In the original Star Trek series there is an episode called A Requiem for Methuselah. In this episode Captain Kirk, Doctor McCoy, Mister Spock and the crew of the Enterprise goes to a distant planet to mine for an element much needed to treat a plague that has infected the crew. As they went down the planet they encounter what seems to be the lone human occupant of the planet, and it turns out that he was and is a near immortal who had lived in Babylon and continued to live on Earth as the composer Brahms and as Leonardo Da Vinci. An interesting story but not nearly as interesting as the life of Leonardo Da Vinci.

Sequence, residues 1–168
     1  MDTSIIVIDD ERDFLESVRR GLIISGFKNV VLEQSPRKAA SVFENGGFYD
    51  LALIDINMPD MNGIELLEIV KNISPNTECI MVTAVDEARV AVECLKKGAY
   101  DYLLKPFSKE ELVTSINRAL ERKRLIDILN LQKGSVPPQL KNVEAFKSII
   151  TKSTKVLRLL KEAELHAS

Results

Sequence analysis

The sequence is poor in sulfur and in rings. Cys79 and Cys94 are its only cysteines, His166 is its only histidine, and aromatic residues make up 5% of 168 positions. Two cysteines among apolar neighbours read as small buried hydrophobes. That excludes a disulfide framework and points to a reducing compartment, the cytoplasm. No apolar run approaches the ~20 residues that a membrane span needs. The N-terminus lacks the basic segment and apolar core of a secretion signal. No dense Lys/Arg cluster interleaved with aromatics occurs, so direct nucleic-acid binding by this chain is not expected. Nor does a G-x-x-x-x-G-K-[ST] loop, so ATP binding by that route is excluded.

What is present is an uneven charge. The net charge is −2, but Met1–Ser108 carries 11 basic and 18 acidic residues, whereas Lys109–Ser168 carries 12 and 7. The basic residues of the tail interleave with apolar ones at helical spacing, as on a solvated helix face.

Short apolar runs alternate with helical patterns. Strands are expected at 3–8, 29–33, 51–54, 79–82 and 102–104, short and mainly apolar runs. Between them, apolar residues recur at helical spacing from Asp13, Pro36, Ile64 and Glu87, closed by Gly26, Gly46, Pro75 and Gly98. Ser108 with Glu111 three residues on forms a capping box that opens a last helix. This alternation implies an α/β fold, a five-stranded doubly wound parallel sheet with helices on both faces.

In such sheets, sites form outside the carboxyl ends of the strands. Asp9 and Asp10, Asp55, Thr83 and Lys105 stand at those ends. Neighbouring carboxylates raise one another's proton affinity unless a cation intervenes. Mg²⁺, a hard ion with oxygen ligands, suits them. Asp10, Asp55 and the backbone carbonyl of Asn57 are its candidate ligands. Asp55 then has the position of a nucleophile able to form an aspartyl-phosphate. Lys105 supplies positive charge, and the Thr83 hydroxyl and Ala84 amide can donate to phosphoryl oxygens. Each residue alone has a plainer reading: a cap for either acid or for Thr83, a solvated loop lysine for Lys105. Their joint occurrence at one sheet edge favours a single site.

Da Vinci was not only a painter, sculptor, and a mathematician, among other things. He was ambidextrous, he could paint and write with both his hands. He co-wrote a book about the Golden Mean with the father accounting and priest Lucia Pacioli. Leonardo earned his wages by serving the rich and the powerful of his time – the Rennaissance Prine Il Moro and later in his life the King of France. His notes and notebooks became the repositories of his ideas. If this was not preserved bu his pupil Vasari we would not know of them today. In its pages we see (i) sketches of human anatomy dissected and undirected – the intricacies of a human skull (obtained by using a sceptre technique of creation moods with wax). It is said Da Vinci spent time in the house of dead to get these drawings. (ii) We also find plans for parachutes, flying devices and different weapons of war (including an armoured vehicle a tank with what seemed to be one critical and deliberate flaw). (iii) Then, we also see what seems to be mathematical computation of astral bodies. And (iV) visions of a great deluge that would flood the known world.